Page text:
Feeling Crafty in Fallout 4

A few days and many hours of gameplay on from this week’s earlier look at Fallout 4, and I don’t feel much better off when it comes to caps, fighting ability or even any progress towards the main objective.

However, it has given me plenty of time to look at the Workshop ability which I wanted to talk about today; the countless ways to create safe haven for other wanderers of the Commonwealth, and the extreme annoyance it creates when I’m forced to choose between sellable items and tubes of Wonderglue.

Fallout 4 pipboy


The Fallout 4 workshop

Once you’ve rescued the Minutemen from an ordeal with some nasty Raiders early on, you’ll be tasked with leading them to a new home – Sanctuary Hills. Once there you’ll be shown how to start rebuilding for a better future, using a bunch of craft stations for armour, food, and weapons. The other interesting option is the Workshop; an innocent-looking red workbench which will serve as the centre for your building projects.

Here you can provide shelter, beds, food and water for your Settlers, build generators to power the community, and even set up machine gun turrets to keep them defended against attacks by raiders and the wasteland wildlife. That last bit is especially important, and not just for keeping the wildlife out; the other night I got the fright of my life when a Settler sprinted off into the woods to try and kill a Yao Guai; if I’d not been there I don’t even know if he would have survived.

So far I’ve really enjoyed using the workshop feature in Fallout 4 to create the essentials for survival in the wilderness. Finding and clearing out a small space that I can make my own, and using it to provide for hard-working people who are just looking for a new home.

Crafting is in itself one of the essential components of any good RPG, but given my limited history in playing RPG games it’s only here that I’ve been able to appreciate how rewarding it feels to tool up and kit out my very own space. From my own gaming history I’m reminded of The Sims 2 – where recipes couldn’t be made up without the requisite ingredients and had to be cooked properly to avoid making your Sims ill.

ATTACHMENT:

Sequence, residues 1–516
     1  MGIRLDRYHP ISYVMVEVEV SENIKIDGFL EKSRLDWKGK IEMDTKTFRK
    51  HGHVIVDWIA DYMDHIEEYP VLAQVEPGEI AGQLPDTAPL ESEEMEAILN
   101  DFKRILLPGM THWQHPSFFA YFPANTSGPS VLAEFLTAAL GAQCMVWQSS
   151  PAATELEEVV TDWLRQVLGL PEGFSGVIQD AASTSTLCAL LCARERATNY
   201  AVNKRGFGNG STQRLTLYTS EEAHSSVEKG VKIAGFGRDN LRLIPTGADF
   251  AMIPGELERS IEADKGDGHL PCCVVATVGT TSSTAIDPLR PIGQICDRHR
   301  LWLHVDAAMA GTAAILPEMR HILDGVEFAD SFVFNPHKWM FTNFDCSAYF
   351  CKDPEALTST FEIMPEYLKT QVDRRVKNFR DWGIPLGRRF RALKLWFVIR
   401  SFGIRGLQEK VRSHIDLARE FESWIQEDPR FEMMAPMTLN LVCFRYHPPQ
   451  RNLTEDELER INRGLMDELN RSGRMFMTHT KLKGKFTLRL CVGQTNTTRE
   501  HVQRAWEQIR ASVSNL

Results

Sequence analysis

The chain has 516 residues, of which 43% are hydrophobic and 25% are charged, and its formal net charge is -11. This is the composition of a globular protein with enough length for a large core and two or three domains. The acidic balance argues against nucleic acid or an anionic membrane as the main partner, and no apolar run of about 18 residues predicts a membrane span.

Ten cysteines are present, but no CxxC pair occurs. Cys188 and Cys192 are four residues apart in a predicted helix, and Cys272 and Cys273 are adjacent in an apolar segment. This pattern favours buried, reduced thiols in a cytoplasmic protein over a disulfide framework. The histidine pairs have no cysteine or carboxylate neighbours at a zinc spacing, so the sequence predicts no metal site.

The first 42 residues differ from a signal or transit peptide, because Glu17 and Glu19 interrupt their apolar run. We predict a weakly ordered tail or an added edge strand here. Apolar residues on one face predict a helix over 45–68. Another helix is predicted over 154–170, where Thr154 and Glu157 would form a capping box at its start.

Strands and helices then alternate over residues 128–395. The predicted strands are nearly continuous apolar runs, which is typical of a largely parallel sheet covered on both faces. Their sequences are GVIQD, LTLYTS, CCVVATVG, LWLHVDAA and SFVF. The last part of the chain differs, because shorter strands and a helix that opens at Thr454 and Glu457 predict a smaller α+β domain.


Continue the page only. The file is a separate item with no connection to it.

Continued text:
Here on the Playstation 4 we’re in for a far more immersive experience than that, if only because the advanced technology means players can experience their builds from the inside – and not from that classic isometric camera angle, at which so many simulations of the mid 90s and early 2000s were framed. Theme Park and The Sims games are my favourite examples of this unforgettable period of god games.

Once you’ve decided on a few additional perks you’ll able to break down your weapons and armour into more useful components like screws and copper, which is quite handy because otherwise you’re in danger of the next huge pitfall.

Managing inventory space in Fallout 4

Every time I come across a new building on my travels, I open up my inventory and that of my companion (currently Codsworth the robot butler) and make a key decision that will add another 15 minutes to my game every time I do it.

fallout 4 inventory management

“Looks like I won’t be able to pick much up once I enter, better head back to a settlement.”

Once there I’m able to store all those Junk items – lighters, gas canisters, baseballs, the lot – and see if there’s anything I’m able to build that my settlers need. Once done and I’ve stored away a lot of actual useful items like clothing, armour and guns, it’s back to that building.

But it’s also during these explorations that my inventory soon fills up again, with clothing and guns taken from the enemies I kill – not to mention more safes to lockpick, computers to hack and endless cupboards full of crap just to complete the job. If I’m really unlucky I’m then forced to decide on which items to drop – this happens a lot.

So it’s down to choosing between the 10mm pistol (weight: 4) which would prove quite useful as either scrapped, sold or upgraded, and the roll of duct tape which provides Adhesive material for workshopping.

Decisions, decisions.

As mentioned in last week’s post, I find these choices quite annoying, but not as annoying as the amount they happen. I can’t visit one single newspaper office or abandoned factory without knowing that somewhere along the line I need to sacrifice another 15 minutes in order to get back to Sanctuary or the Drive-In and put everything down again. I mean, storyline-wise, I realise this stuff is essential to the needs of my newly-found community but does it really need to get so repetitive?

Inventory management in Fallout 4 has taken one of the series’ best-known features – if not in all of RPG gaming – and made it a matter of extreme importance by causing players some real headaches. I keep reading that there are ways to cheat the system and create an unlimited carry weight, but surely I’m above the level of cheating to remove any inconveniences.

Or am I?

Oh by the way, in regards to that earlier conundrum – everything you build needs Adhesive. So drop the gun and take the tape. Seriously. You’ll thank me later.

2 thoughts on “Feeling Crafty in Fallout 4

  1. Pingback: Shoutout Sunday – Birds of a Feather | Rad or Shite

  2. Although I’ve bought the game, I’ve only managed a few hours so far but the workshop feature is what is going to get me hooked if anything once I’ve got some free time on my hands. The whole idea of building a safe haven for my settlers seems appealing to me.


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